Today’s inflation and the Great Inflation of the 1970s: Similarities and differences

Jongrim Ha, M. Ayhan Kose and Franziska Ohnsorge in this voxeu article compares today’s inflation with the Great Inflation of the 1970s:

There are important differences between the current situation and the 1970s. First, at least thus far, the magnitude of commodity price jumps has been smaller than in the 1970s. In the wake of major oil shocks, oil prices quadrupled in 1973-74 and doubled in 1979-80. The combination of high inflation with weak economic growth, fuelled by repeated supply shocks, gave rise to the phenomenon of ‘stagflation’. Today, oil prices are, in real terms, still only around two-thirds of those in 1980 or 2008 (Figure 2b). 

Second, there has been a paradigm shift in monetary policy frameworks since the 1970s. In the 1970s, instead of today’s typically primary focus on inflation, central bank mandates incorporated multiple competing objectives, including for output and employment, as well as for price stability. Most central banks in advanced economies, freed in 1971 from the constraints of the Bretton Woods system of fixed exchange rates, aimed to support economic activity with monetary expansion, without realising that potential output growth had started to slow (de Long 1997). Policymakers were inclined to attribute rising inflation to special factors, and underestimated the pervasive and lasting impact of excess aggregate demand pressures (Blinder 1982). 

This ‘passive’ monetary policy stance resulted in a multi-decade period of rising and mostly elevated inflation. Global median inflation started the 1960s at a low 1.5% but then trended up rapidly, in the range of 1.5–4.7% through the 1960s. In 1970, it reached 5.5% and then continued to trend up in a range from 5.5–14.4% through the 1970s before culminating at 14% in 1980. In comparison, today’s global inflation is only recently above pre-pandemic levels, since mid-2021 (at 5% on average in 2021–22 and 7% in March 2022). That said, model forecasts and consensus expectations suggest that global inflation could rise to almost 10% later this year before it starts declining.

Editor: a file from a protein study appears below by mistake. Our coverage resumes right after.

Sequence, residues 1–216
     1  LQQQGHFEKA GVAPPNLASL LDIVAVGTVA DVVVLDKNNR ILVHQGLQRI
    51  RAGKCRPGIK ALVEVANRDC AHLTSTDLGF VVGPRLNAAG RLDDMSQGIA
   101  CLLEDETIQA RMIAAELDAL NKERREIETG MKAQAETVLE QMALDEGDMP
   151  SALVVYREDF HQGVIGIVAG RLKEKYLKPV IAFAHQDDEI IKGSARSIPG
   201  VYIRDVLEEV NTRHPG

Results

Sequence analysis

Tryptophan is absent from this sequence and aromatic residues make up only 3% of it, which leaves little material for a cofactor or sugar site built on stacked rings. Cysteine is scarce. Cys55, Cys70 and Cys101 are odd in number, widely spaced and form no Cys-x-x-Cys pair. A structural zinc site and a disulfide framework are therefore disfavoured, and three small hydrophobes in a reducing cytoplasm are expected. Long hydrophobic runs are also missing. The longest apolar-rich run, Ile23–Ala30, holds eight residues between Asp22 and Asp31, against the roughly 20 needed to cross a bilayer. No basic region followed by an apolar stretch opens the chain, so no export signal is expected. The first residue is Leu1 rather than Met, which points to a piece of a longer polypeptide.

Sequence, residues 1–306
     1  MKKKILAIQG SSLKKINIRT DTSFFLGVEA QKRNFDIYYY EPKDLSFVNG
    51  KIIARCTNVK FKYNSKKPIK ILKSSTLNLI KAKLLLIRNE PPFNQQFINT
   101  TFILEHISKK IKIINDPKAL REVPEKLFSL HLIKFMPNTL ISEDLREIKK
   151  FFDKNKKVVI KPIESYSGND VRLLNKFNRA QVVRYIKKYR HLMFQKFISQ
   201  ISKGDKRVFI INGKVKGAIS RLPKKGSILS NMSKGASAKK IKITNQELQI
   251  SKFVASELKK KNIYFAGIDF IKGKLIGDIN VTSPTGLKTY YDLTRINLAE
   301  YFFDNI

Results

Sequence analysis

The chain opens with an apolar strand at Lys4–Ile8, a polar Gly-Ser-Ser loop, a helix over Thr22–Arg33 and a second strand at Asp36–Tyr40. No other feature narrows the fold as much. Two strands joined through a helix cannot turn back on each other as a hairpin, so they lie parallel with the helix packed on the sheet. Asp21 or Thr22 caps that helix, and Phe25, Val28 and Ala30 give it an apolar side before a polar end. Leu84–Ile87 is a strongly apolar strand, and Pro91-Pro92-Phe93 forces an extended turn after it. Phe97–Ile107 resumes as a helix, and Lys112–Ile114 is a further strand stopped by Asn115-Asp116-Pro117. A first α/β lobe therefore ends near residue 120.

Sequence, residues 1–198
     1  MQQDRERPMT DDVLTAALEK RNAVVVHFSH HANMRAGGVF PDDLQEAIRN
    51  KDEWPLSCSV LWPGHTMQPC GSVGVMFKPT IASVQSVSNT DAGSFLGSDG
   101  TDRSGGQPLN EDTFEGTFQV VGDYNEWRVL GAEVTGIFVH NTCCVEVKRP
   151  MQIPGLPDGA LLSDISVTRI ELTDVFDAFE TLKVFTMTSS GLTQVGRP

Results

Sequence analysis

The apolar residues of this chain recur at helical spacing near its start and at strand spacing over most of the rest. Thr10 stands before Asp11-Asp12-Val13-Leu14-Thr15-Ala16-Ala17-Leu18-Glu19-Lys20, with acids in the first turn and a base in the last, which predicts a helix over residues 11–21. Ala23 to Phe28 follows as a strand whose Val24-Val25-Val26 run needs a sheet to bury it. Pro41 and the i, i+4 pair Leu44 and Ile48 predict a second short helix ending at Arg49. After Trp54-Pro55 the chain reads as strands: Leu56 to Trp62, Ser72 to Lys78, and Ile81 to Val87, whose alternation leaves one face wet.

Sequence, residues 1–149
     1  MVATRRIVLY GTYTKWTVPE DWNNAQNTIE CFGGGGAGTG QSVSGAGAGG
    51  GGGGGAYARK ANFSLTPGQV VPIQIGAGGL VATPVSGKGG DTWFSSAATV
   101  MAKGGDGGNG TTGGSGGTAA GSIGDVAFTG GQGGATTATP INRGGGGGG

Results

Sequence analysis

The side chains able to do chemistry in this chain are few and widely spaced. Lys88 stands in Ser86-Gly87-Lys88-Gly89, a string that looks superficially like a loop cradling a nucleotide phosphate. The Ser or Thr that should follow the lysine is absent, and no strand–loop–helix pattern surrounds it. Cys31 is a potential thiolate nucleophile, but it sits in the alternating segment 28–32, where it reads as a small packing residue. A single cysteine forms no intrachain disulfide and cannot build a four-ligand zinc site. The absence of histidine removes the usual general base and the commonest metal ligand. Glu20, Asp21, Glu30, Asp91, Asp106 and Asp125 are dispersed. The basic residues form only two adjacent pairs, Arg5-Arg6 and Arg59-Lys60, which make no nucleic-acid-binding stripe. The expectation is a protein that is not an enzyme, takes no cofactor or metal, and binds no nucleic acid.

In contrast, central banks in advanced economies now have clear mandates for price stability, expressed as an explicit inflation target. They have adopted transparent operating procedures, announcing and justifying their settings for the policy rate. Over the past three decades, they have established a credible track record of achieving their inflation targets (Bordo et al. 2007, Eichengreen 2022).

As a result of such improvements in policy frameworks and better anchored inflation expectations, inflation – in particular, core inflation – has become much less sensitive to inflation shocks (Ha et al. 2022, Figure 2c). In addition, for now, inflation increases have been concentrated narrowly in a few energy-intensive and pandemic-affected sectors, although there are signs that inflation pressures may have been broadening recently. This stands in contrast to 1979–80, when the inflation acceleration was broad-based, with similarly high inflation rates cutting across virtually all sectors (Figure 2d) Hence, inflation in some sectors is expected to decline once supply disruptions ease and commodity prices stabilise (Borio et al. 2022, Ilzetzki 2022).

 

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One Response to “Today’s inflation and the Great Inflation of the 1970s: Similarities and differences”

  1. Jamie Dean Says:

    Great article. What would you propose to resolve these inflationary pressures?

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